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which are often misinformed and unrealistic. Current scrutiny of the ratio of program to
administrative expenses is a case in point. Burdened by pressure to keep administrative and fund
raising expenses as low as possible, too many social service agencies underpay, under-staff and
under-invest in activities which would strengthen their long term viability. Fund raising and
public relations are especially vulnerable. It is interesting to note that these pressures do not seem
to fall as heavily on the fund raising investments of universities and hospitals.
Many social service agencies have long been able to rely on the government for more than 90%
of their revenue. Government policies prohibiting the use of grant revenues to support fund
raising have left social service agencies with very little to invest in diversifying their sources of
revenue. Their boards of directors and administrative staff, who never needed to pay much
attention to fund raising, are not equipped to help the agencies shift gears as quickly as they need
to in the face of severe and lasting cutbacks in government support.
Many smaller nonprofits have been founded by one or more zealous individuals who are totally
dedicated to the cause. Zealots are wonderful at starting organizations but are not good at
building and maintenance for the long run. Founders have difficulty letting go which assures that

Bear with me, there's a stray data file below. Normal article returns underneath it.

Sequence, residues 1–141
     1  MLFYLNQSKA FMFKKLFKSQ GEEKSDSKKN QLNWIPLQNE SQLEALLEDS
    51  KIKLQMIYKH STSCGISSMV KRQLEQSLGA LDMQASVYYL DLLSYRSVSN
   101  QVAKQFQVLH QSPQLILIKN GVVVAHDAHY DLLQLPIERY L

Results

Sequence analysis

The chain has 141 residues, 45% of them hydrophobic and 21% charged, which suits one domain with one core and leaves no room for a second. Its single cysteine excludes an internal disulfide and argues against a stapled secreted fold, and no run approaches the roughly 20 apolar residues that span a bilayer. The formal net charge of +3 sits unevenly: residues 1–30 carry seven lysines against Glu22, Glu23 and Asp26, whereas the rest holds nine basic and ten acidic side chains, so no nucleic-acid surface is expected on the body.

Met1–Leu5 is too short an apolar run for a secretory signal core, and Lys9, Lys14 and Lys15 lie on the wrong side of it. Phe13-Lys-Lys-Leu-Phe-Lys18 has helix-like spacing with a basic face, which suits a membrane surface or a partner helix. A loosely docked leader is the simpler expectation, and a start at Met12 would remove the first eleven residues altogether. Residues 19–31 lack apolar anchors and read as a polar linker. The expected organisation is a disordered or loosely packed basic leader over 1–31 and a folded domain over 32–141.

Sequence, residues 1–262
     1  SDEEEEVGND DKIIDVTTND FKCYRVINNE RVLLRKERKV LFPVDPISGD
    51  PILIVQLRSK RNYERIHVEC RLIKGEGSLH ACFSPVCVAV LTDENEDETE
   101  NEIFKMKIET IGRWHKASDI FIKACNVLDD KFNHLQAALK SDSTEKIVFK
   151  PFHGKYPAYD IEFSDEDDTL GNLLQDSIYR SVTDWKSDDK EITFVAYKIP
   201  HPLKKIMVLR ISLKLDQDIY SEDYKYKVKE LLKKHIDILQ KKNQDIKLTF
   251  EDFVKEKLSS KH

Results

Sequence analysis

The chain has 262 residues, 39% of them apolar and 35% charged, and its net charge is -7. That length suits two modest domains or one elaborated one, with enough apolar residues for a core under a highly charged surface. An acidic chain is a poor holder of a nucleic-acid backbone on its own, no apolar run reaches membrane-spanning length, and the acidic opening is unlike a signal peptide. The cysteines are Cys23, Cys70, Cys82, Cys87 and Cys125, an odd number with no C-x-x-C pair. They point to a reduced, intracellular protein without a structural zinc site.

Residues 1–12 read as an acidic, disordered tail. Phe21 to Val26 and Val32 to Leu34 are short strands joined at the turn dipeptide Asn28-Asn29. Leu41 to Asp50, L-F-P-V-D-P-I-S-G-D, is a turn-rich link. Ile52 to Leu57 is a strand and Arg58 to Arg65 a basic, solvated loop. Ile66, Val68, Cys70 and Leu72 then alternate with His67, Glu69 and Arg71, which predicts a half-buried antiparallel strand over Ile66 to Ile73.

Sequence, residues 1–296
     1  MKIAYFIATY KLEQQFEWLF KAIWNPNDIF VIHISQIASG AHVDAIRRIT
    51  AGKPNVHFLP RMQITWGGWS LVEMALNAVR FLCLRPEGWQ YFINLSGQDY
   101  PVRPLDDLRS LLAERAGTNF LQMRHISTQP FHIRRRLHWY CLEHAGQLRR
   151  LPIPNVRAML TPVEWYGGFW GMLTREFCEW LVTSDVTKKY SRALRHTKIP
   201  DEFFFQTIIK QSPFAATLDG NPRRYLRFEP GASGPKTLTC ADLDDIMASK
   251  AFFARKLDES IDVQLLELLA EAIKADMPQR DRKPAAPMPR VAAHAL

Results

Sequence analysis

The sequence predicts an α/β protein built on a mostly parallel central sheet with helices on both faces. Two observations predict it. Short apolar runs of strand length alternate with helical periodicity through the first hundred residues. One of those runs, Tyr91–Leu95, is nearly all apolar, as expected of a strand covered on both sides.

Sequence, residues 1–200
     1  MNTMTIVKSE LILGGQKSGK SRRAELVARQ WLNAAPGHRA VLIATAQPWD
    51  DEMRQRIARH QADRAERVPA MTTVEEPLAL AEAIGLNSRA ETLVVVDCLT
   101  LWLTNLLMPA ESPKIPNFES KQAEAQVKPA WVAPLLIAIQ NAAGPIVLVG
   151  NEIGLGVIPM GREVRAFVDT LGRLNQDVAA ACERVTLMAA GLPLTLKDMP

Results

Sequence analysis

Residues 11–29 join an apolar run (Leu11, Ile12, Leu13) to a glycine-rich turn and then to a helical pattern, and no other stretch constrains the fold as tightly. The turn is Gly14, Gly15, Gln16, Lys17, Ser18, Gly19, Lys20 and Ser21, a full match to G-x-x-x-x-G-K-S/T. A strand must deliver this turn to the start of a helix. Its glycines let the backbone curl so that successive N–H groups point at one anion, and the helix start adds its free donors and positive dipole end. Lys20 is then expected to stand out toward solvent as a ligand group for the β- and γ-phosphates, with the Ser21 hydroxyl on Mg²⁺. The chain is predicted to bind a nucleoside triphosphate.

the organization will never grow beyond the size that one person can manage directly. Fund
raisers face special difficulties when working with founders because, whether or not they are
aware of it, the control of any single individual diminishes as the organization’s sources of
revenues become more widely dispersed.
With the rapidly growing body of knowledge available in books, training programs, and
institutions of higher learning there is no excuse for the leadership of any organization, no matter
how small or unique, to ignore the fact that nonprofit management and fund raising are not all
common sense. Nonprofit administrators and board members have an obligation to learn and
keep up with nonprofit management and fund raising as distinct disciplines to be learned and
Misconceptions about Fund Raising
In view of all the difficulties faced by human service organizations and the fact that many have
limited experience with fund raising, they tend to harbor some common misconceptions:
• The fund raiser brings in all the money. This--not lower salaries--is a major reason for
the high turnover among fund raisers at social service agencies. Executive directors and